Welcome to Framed, a column at Cinematical that runs every Thursday and celebrates the artistry of cinema -- one frame at a time.
When the American movie cavalry ran out of steam on the Western genre front, the Italians quickly swooped in. If you aren't terribly familiar with Italian cinema, this might seem like a cheap trick with even cheaper imitators piggybacking off the success of their predecessors, but not all of it was a fast cash-in. Some of the reimaginings were uniquely unforgettable, and that's where 'Django' enters the picture.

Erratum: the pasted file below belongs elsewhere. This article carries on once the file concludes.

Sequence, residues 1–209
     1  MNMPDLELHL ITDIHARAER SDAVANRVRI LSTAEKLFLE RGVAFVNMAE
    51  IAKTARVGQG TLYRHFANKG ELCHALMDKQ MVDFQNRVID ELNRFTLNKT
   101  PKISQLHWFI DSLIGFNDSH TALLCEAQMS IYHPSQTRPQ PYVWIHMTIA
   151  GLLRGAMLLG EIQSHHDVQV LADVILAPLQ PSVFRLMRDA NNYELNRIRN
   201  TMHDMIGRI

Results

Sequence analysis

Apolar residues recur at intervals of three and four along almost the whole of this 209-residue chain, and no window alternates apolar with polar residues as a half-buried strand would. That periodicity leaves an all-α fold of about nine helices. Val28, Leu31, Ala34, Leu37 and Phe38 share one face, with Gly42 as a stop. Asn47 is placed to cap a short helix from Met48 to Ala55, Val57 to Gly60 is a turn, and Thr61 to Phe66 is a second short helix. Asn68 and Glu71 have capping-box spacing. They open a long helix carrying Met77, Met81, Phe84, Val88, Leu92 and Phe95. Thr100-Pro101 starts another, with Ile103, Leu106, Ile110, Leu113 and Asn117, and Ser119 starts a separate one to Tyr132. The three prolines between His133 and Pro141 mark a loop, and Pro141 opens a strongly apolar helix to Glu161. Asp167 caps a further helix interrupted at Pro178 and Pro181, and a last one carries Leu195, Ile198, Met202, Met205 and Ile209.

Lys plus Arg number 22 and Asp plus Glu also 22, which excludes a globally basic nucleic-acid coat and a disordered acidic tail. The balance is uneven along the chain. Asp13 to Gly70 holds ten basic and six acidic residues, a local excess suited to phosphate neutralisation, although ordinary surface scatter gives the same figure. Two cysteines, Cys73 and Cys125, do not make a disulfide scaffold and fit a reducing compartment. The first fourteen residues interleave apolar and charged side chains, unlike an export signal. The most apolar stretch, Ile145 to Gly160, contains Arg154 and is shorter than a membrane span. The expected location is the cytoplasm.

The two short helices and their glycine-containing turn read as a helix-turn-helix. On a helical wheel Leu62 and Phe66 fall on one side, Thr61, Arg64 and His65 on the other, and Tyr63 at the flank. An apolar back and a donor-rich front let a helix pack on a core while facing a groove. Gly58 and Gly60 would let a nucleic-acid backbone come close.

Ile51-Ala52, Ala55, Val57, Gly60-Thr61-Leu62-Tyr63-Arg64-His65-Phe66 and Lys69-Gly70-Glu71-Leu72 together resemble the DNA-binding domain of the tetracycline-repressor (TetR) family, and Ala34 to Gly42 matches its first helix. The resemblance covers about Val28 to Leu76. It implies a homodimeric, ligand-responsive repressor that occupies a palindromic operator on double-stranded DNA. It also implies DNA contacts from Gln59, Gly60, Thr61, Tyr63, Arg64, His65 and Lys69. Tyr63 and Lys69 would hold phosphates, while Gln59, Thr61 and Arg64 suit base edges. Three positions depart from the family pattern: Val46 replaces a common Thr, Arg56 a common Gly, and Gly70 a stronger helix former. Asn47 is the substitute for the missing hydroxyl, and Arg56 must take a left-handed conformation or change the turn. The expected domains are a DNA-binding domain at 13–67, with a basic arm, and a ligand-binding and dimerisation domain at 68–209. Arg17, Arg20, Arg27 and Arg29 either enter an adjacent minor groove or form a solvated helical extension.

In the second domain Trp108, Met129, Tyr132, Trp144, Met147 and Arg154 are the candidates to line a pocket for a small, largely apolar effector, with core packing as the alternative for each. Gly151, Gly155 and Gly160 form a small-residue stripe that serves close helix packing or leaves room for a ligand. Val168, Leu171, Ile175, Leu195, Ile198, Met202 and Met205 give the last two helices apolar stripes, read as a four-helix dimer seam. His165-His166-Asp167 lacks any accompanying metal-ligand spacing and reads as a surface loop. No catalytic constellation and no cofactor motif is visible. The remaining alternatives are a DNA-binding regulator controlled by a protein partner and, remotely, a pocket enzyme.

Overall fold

Sergio Corbucci's 1966 gunslinger doesn't aim to be as operatic as Sergio Leone's groundbreaking 'Dollars' trilogy, but its violence and pulp style was certainly grand. Of course you can't discuss Leone's films without acknowledging Akira Kurosawa's 'Yojimbo,' which by defalt Corbucci's gritty western also makes nods to. The film has its own admirers, however, and spawned over 30 unofficial sequels who tried to bank off its success.